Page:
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Friday, June 19, 2015

Mary Shelley Acquisitions

We're delighted to announce that the Rosenbach has recently acquired a rare first edition (1818) of Mary Shelley's Frankenstein: or, The Modern Prometheus, as well as first editions of Shelley's novels Valperga (1823), The Last Man (1826), The Fortunes of Perkin Warbeck (1830), and Falkner (1837).  These terrific additions to our collections of English Romantic literature were purchased thanks to major support from the B.H. Breslauer Foundation and gifts from Mark Samuels Lasner and Clarence Wolf.  Here they stand in a row awaiting processing before they appear on our library's shelves. 

First editions of Mary Shelley's novels Falkner, Frankenstein, The Last Man, Perkin Warbeck, and Valperga.  Purchased with major support from the B. H. Breslauer Foundation and generous gifts from Mark Samuels Lasner and Clarence Wolf.   

For as big an impact as Frankenstein would have in launching science fiction as a genre and taking Gothic fiction in a new direction, you'll notice that the 3-volume novel (second from the left in an ochre binding) is the smallest of the lot despite being the best known work by Mary Shelley.  In fact, she was not acknowledged as author of this first edition and only 500 copies were printed.  Its success encouraged her father, writer William Godwin, to publish a new 2-volume edition in 1823 that contained hundreds of unauthorized word changes, after which Shelley published a 1-volume newly revised and expanded version in 1831.  Her manuscripts for the novel are housed at the University of Oxford's Bodleian Library and are wonderfully digitized and available online at the Shelley-Godwin Archive.  The story of why she wrote Frankenstein is the well-known and dramatic tale of a group of writers scaring each other with ghost stories during the frozen summer of 1816 (if you have no idea what I'm talking about, see Kathy's previous blog posts on this topic!).  The other novel about an infamous monster to come out of that same gathering was John William Polidori's The Vampyre, published a year after Frankenstein.  Call me sentimental, but it seemed fitting to reunite first editions of each given their shared history!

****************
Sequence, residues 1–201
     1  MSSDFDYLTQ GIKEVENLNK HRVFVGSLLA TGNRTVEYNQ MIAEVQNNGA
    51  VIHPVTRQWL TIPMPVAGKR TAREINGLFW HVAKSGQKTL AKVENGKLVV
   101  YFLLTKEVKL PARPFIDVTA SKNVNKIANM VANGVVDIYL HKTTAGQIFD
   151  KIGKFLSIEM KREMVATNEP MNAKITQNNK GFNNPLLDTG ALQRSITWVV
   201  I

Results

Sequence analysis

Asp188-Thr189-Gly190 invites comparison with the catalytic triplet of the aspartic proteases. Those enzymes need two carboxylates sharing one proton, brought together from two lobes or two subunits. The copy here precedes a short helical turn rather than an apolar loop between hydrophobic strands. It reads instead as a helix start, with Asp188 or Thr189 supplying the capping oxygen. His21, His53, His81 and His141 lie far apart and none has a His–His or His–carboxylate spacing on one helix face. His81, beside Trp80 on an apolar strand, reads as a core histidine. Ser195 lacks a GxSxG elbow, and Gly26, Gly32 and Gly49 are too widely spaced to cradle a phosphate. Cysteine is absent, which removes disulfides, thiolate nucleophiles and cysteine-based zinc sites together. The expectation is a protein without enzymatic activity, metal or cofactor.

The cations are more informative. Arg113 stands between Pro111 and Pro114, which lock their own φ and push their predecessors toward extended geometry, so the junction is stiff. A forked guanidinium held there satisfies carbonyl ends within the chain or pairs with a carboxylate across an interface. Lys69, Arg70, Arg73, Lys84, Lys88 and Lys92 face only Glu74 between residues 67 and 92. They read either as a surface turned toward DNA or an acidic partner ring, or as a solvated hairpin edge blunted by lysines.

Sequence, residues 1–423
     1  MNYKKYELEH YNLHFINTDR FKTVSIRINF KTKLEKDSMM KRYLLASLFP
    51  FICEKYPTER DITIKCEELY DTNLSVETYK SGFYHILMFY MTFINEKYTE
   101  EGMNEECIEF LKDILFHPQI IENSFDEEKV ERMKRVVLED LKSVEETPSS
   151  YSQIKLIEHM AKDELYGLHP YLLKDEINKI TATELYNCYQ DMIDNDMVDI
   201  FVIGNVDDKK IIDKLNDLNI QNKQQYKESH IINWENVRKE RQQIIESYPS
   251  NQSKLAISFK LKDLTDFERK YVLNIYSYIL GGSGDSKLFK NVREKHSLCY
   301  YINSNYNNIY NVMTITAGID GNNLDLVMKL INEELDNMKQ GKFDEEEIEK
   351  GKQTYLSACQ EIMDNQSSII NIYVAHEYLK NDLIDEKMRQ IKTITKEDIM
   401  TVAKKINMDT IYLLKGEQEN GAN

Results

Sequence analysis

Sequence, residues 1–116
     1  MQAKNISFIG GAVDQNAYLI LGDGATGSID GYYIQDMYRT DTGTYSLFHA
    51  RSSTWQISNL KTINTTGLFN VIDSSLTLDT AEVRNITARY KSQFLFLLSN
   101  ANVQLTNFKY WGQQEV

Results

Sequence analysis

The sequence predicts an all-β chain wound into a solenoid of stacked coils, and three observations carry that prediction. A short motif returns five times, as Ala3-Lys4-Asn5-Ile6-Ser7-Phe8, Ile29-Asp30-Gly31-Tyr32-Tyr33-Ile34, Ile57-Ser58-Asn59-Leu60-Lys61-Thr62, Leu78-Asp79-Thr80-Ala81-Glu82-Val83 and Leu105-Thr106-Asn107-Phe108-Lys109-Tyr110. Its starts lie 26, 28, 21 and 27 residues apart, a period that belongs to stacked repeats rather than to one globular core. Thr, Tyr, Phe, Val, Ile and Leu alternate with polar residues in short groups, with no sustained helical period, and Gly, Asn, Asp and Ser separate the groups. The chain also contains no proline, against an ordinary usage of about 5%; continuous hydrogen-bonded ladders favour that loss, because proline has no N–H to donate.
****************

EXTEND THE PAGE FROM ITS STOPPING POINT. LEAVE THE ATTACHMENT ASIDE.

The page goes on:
Mary Shelley, Frankenstein, London: Lackington, Hughes, Harding, Mavor & Jones, 1818.  EL3 .s5449fr 818 v.1.  Purchased with major support from the B. H. Breslauer Foundation and generous gifts from Mark Samuels Lasner and Clarence Wolf; John Polidori, The Vampyre: A Tale, London: Sherwood, Neely, and Jones, 1819.  EL3 .p766v 819a, The Rosenbach of the Free Library of Philadelphia. 
If literary monsters are your thing you might look forward to an exciting exhibition we're assembling for fall 2017.  A major grant from the Pew Center for Arts and Heritage will allow us to begin work on Frankenstein, Dracula, and the Monster Within, an exhibition about the scientific and ethical concepts at the heart of both Shelley's and Stoker's celebrated novels.  We'll share plenty more details about this exhibition and its related programs in the near future. 

Mary Shelley, The Last Man, London: Henry Colburn, 1826.  EL3 .s5449la 826 v.2.  Purchased with major support from the B. H. Breslauer Foundation and generous gifts from Mark Samuels Lasner and Clarence Wolf
Shelley's other works--Valperga, Perkin Warbeck, and Falkner--are deserving of blog posts in their own right (not to mention Lodore, 1835, which wasn't part of this acquisition).  Last but not least...but still last, is The Last Man, an 1826 novel by Mary Shelley.  Its characters are loosely based on the same personalities who played a role in Mary's creation of Frankenstein, such as her husband Percy Bysshe Shelley, and Lord Byron, but their ideals and intellects are put to a challenge that neither poet had to endure in life: the apocalypse!  Mary Shelley envisioned a world at the end of the 21st century that bore a striking resemblance to that of the 1820s, albeit with some wild innovations: yes, the Greeks were still fighting for their independence from the Ottomans but hot air balloons with "feathered wings" are also a common conveyance in the British Isles.  By the year 2092 a plague that is vaguely understood to have originated in the east gets spread by victorious Greeks to other parts of Europe.  England is, of course, the last country to fall victim to the pestilence in which "the air is empoisoned and each human being inhales death."  The plague makes its way around the globe and gradually kills off every human being until only the titular last man remains.  Exacerbating the ravages of the plague are a series of natural disasters, including the rising of a black sun, earthquakes, and floods that submerge half of England, as well as social disruptions familiar to fans of modern apocalyptic fiction (at one point American marauders cross the Atlantic, plunder Ireland, and invade England). Shelley was certainly way ahead of her time, and you can bet we'll be exploring these newly acquired editions in exhibitions and programs over the coming years. 





Patrick Rodgers is a curator at the Rosenbach of the Free Library of Philadelphia.


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